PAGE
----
After struggling mightily, and not particularly successfully, to have a thought about this, I broached a Friday after-work happy hour group and asked them what they would say about themselves. To a person, each looked uncomfortable with the mere question. They asked me whether I had anything in mind. Well maybe one thing: I don’t understand why I have nightmares almost every night. Nightmares of frustration. Obstacles in my way that keep me from catching an airplane trip on time. Obstacles that keep me from getting where I’m supposed to be. I wake up almost every morning with a sense of relief – “Thank goodness it was just a dream.” None of my colleagues seemed to spend their nights this way. What possible reason is there for this mental behaviour, night after night, that is clearly so uncomfortable? One happy hour colleague, a developmental psychologist, said: “that’s it - the happy relief you feel at the end. There’s your reinforcement.“ And thus she took away my one idea, by explaining it. It is now one nagging thing that I only partly understand. Or do I?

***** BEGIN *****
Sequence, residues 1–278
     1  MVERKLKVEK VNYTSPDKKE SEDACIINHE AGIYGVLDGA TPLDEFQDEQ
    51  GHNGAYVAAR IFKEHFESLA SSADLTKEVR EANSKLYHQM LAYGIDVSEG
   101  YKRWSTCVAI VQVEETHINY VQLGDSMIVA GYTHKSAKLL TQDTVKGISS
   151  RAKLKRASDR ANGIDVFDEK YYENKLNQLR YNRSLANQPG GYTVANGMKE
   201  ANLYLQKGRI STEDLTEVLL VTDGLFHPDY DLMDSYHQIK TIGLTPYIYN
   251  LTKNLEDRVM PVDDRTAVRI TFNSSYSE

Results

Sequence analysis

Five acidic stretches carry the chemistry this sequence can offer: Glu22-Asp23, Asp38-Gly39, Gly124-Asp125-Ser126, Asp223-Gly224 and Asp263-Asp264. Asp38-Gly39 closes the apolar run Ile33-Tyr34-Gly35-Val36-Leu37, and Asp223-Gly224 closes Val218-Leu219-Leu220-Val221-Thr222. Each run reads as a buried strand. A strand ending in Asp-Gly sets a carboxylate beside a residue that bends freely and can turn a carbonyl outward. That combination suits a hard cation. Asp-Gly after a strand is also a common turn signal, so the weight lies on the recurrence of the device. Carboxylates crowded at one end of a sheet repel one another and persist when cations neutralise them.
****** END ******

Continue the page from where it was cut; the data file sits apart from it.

Elizabeth Loftus is Professor of Psychology at the University of California, Irvine. Among her numerous accolades, she received the 2005 Grawemeyer Award for Psychology and in 2002 was named among the 100 most influential psychologists of the twentieth century by the Review of General Psychology.
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